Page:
Kenneth Cohen

Remember the Temple on Passover

If we carefully pay attention to the items on our Seder plate, we realize that there is a double message here.

We are to acknowledge the gravity of the miracle of our being taken out from Egypt all the days of our lives. This is why we eat the Maror, bitter herbs, to remind us of the bitter times. The salt water is a reminder of the tears we shed during our bondage. The Karpas reminds us that we were redeemed in the spring.

The two other symbols, the egg and the shank bone, are meant to acknowledge the second message of the Seder. The shank bone or זרוע, is a reminder of the Korban Pesach that needed to be offered on the fourteenth as a sacrifice, with the remainder eaten roasted at the Seder. The egg is a reminder of the holiday sacrifice known as Chagiga. This, too, was offered partially on the altar, and the rest, eaten by the one offering it. The lesson was that the true joy of the holiday is felt, by eating meat.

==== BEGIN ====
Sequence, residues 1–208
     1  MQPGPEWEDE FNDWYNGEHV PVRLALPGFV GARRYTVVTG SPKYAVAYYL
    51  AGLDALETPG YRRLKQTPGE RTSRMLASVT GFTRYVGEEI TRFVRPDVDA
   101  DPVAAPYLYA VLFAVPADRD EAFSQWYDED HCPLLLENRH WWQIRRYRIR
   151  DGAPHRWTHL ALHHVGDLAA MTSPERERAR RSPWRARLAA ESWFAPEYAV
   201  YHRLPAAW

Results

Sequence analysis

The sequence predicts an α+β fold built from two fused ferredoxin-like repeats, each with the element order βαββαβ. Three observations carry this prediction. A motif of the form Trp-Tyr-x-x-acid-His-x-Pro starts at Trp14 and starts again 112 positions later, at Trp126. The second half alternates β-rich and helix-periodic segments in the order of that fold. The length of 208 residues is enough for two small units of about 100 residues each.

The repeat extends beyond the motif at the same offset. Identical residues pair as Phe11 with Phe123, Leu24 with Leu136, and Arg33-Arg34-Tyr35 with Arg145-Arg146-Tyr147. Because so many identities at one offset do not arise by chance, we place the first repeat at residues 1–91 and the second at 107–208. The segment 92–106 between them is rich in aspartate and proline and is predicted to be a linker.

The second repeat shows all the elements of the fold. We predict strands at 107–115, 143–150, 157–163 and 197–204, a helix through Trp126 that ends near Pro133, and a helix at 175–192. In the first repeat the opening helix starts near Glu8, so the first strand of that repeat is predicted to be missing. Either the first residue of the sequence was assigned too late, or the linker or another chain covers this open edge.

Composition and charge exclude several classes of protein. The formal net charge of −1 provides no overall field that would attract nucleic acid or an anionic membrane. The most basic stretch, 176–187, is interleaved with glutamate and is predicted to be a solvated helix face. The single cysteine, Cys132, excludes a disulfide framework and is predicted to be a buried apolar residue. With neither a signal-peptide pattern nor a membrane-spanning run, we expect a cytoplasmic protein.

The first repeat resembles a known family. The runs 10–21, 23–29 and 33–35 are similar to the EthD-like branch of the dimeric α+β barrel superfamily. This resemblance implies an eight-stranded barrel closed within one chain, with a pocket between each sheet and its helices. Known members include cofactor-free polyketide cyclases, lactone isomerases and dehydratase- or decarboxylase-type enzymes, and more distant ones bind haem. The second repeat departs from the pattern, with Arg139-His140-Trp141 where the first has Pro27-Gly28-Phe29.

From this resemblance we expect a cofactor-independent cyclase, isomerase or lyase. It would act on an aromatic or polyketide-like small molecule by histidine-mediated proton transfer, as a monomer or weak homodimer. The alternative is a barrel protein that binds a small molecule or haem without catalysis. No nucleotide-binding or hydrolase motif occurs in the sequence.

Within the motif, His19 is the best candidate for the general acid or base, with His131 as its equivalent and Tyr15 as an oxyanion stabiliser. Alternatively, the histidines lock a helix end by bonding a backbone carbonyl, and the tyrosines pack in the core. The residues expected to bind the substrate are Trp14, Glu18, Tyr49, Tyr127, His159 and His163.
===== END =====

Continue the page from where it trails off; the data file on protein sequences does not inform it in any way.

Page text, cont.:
Our Seder is not complete by merely recounting all of the miracles witnessed in Egypt. True Pesach observance could only take place when there was a functioning Temple. There was a special connection with the rest of the nation, and with Hashem, when the masses made their pilgrimage to Jerusalem.

Telling the Passover story is extremely important. Every Jew should see his place as part of the Jewish people. But we must never minimize the importance of the role of our holy Temple. Our Seder plate confirms this.

About the Author
Rabbi Cohen has been a Torah instructor at Machon Meir, Jerusalem, for over twenty years while also teaching a Talmud class in the Shtieblach of Old Katamon. Before coming to Israel, he was the founding rabbi of Young Israel of Century City, Los Angeles. He recently published a series of Hebrew language-learning apps, which are available at